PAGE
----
- The Washington Times - Tuesday, December 26, 2006

Let the holiday season taper to a cozy finale with a low-key New Year’s Eve dinner at home.

Rent a few movies, pop open a bottle of your favorite brut champagne, and serve a simple menu of soup, salad and the following delightful tiny gnocchi.

These scrumptious little dumplings are made in several steps, most of which can be done a day or two ahead. In keeping with the small-bite theme, be sure to have on hand a box of exquisite chocolates to pass around at midnight.

These miniature potato dumplings with sage and chives are crisp on the outside and chewy on the inside, with an intense flavor in every little mouthful. It’s hard to stop eating them.

They make a magnificent, if diminutive, appetizer and also go very well alongside almost any soup.

You can use any kind of potato for these. If you choose a baking variety, such as a russet, the dumplings will come out fluffier, with a lighter potato flavor.

Boiling varieties, such as Yukon Gold or Yellow Finn, will yield denser dumplings with a richer potato flavor.

Much of this recipe can be done well in advance. However, the dumplings taste best if served as soon as possible after they are sauteed.

Miniature potato dumplings with sage and chives

1 pound potatoes

Water

1 cups unbleached white flour (plus a little extra)

1 teaspoon salt (plus a little extra to sprinkle on later)

2 to 3 tablespoons milk

A little melted butter for sauteing

Dried sage

Minced fresh or freeze-dried chives

Boil the potatoes in plenty of water until soft. Drain, and set aside to cool.

When they are cool enough to handle comfortably, peel the potatoes with a sharp paring knife, and “rice” them in a ricer or the grating attachment of a food processor. (You should have about 3 cups cooked, riced potatoes.) Transfer to a medium-size bowl.

Add the flour and 1 teaspoon salt to the potatoes. Mix first with a spoon and then with your hand to make a dough. Add the milk a little at a time, as needed, so the dough becomes soft and workable. You want it pliable but not sticky.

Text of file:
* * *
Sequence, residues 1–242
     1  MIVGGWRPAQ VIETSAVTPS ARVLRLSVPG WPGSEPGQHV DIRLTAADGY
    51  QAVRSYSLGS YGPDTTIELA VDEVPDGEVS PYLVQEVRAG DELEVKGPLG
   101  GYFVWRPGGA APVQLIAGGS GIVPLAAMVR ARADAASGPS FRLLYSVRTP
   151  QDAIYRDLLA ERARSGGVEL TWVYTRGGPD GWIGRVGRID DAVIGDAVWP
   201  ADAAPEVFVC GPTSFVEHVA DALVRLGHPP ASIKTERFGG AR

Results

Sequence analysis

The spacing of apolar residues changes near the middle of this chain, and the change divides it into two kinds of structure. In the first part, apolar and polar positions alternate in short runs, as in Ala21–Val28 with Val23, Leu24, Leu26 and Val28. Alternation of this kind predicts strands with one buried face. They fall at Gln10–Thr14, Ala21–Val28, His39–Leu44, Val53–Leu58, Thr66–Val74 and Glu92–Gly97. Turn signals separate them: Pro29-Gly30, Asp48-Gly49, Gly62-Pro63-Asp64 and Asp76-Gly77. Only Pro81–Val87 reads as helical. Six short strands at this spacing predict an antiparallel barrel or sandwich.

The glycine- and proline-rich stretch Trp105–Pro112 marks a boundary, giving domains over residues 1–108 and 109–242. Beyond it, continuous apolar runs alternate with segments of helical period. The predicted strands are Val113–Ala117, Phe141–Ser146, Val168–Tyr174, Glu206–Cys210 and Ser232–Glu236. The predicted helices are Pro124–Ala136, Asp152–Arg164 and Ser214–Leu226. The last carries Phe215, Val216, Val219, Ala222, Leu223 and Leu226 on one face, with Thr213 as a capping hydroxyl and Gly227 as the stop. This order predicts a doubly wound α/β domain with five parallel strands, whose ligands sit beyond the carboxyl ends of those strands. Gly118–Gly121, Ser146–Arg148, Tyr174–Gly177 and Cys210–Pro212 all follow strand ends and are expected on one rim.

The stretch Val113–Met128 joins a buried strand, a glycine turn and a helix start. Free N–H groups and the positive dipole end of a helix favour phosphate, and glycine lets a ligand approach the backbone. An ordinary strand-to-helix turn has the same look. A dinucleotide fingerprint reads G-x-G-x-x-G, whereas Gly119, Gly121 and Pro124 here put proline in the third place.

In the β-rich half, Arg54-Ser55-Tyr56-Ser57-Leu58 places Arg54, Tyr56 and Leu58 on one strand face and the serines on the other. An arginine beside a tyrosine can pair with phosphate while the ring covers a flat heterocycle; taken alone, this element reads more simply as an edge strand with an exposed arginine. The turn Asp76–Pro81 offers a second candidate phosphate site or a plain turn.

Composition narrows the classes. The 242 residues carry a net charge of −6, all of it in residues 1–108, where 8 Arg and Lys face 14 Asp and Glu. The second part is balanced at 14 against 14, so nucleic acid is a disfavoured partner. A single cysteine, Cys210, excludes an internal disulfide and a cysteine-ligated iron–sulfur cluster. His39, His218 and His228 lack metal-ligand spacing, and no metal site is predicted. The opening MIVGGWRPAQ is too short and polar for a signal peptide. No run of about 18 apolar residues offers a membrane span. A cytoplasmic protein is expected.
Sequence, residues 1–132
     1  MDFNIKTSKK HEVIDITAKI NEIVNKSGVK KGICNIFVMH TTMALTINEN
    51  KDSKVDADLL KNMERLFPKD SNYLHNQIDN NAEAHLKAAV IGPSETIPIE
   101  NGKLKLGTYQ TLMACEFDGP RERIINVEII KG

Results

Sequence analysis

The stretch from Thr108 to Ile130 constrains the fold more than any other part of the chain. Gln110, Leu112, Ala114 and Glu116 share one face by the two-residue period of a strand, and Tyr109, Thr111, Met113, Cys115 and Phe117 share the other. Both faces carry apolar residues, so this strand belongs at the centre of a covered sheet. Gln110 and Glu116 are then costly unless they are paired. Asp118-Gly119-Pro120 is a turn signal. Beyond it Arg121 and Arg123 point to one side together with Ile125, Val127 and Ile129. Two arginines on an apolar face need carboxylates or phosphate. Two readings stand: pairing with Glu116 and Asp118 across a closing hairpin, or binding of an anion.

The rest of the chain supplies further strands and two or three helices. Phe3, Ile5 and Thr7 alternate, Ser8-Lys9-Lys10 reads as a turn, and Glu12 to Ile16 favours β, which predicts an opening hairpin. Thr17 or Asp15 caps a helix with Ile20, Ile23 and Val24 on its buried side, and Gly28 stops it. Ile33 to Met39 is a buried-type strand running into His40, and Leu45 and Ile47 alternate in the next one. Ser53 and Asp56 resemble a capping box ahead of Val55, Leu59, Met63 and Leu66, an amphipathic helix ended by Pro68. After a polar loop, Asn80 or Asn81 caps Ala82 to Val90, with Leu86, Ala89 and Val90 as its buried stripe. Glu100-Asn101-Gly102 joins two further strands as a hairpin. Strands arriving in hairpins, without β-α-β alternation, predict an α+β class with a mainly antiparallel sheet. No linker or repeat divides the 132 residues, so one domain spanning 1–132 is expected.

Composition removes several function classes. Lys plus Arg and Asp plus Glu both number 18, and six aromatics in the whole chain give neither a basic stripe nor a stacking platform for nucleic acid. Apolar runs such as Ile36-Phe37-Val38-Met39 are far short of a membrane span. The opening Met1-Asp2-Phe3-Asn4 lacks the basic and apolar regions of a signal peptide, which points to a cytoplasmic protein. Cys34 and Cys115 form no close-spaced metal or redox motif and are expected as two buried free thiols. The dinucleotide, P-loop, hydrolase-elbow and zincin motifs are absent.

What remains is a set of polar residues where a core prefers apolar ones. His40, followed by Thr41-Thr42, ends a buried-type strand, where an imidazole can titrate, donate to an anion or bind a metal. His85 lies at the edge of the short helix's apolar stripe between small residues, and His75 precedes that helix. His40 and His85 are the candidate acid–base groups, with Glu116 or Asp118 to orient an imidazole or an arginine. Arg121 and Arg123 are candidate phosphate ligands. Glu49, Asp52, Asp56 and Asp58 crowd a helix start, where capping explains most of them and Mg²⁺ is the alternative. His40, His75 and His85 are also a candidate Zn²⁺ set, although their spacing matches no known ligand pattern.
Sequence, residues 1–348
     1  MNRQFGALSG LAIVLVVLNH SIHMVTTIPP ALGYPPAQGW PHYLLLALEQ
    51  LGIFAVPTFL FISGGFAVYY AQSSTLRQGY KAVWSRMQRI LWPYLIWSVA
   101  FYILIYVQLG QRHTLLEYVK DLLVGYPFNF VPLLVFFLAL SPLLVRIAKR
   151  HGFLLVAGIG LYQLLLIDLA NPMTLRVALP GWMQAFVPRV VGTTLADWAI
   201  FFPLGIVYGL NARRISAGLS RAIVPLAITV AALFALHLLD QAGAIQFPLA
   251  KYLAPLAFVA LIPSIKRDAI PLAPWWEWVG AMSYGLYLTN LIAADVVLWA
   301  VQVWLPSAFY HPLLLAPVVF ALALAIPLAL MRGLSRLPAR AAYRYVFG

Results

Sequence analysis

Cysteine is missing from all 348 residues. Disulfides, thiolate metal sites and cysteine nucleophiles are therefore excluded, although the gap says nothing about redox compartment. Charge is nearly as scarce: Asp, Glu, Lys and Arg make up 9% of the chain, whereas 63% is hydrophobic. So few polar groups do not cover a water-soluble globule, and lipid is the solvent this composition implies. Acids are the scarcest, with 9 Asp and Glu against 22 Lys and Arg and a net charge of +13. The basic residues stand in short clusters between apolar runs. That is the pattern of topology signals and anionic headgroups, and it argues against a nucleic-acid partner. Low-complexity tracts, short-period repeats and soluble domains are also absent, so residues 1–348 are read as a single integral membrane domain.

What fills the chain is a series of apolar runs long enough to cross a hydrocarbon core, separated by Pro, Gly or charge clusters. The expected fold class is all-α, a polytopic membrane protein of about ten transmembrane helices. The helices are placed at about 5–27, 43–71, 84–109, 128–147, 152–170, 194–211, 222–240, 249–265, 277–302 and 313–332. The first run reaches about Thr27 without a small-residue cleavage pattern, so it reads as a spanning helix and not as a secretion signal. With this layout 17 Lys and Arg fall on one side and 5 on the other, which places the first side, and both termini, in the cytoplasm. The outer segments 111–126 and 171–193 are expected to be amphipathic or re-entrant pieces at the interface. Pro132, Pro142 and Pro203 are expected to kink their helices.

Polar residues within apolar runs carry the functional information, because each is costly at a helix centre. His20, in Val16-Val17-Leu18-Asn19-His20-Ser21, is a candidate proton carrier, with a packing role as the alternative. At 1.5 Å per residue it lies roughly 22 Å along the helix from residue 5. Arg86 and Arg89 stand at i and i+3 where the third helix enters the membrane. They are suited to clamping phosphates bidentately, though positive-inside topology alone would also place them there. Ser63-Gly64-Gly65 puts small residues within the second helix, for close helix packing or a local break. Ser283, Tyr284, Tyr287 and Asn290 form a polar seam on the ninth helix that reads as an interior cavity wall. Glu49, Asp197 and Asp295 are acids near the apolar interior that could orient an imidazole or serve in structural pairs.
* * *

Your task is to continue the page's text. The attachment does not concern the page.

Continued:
Put a large pot of salted water to boil.

Meanwhile, lightly flour a clean, dry surface, turn out the dough and push it together with your hands, but don’t otherwise knead.

Divide the dough in two and roll each half until it is about inch thick. Use a plain dinner knife to cut 1-inch squares (or diamonds, triangles, rhomboids or whatever).

When the water boils, turn it down to a simmer and add as many pieces of dough as will fit without crowding. They will soon rise to the surface of the simmering water. Cook them for 10 minutes, then scoop them out with a strainer or a slotted spoon and put them on a plate.

Continue with another batch until all the dumplings are poached. At this point, the dumplings can be stored in an airtight container in the refrigerator for up to 3 days.

Heat a large nonstick skillet and brush the entire bottom surface with melted butter. When the pan is really hot, add as many dumplings as will comfortably fit in a single layer and sprinkle lightly with salt.

Keeping the heat at medium, saute the dumplings on this side for 8 to 10 minutes, or until golden brown.

Sprinkle the dumplings with the sage and chives, and turn them over. Saute another 8 to 10 minutes on the second side, then transfer to a plate lined with paper towels.

Serve as soon as possible. (If you have to saute the dumplings in more than one batch, keep the finished ones warm in a 200 F oven.) Makes 55 to 60 bite-size treasures.

TRIBUNE MEDIA SERVICES

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